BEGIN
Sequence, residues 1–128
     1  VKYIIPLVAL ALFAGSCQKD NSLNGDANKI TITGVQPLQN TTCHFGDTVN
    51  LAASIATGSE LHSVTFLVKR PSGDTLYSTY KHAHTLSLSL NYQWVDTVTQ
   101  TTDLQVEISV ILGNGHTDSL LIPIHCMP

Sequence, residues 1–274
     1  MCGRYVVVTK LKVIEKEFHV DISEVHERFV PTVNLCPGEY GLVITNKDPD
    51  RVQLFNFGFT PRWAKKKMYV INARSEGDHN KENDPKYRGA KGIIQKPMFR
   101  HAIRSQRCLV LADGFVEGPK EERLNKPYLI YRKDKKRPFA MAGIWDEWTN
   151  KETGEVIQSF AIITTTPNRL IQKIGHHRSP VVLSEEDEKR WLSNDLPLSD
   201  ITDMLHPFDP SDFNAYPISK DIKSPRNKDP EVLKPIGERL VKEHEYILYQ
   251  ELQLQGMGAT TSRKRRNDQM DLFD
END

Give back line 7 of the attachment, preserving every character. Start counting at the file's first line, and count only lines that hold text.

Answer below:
    51  RVQLFNFGFT PRWAKKKMYV INARSEGDHN KENDPKYRGA KGIIQKPMFR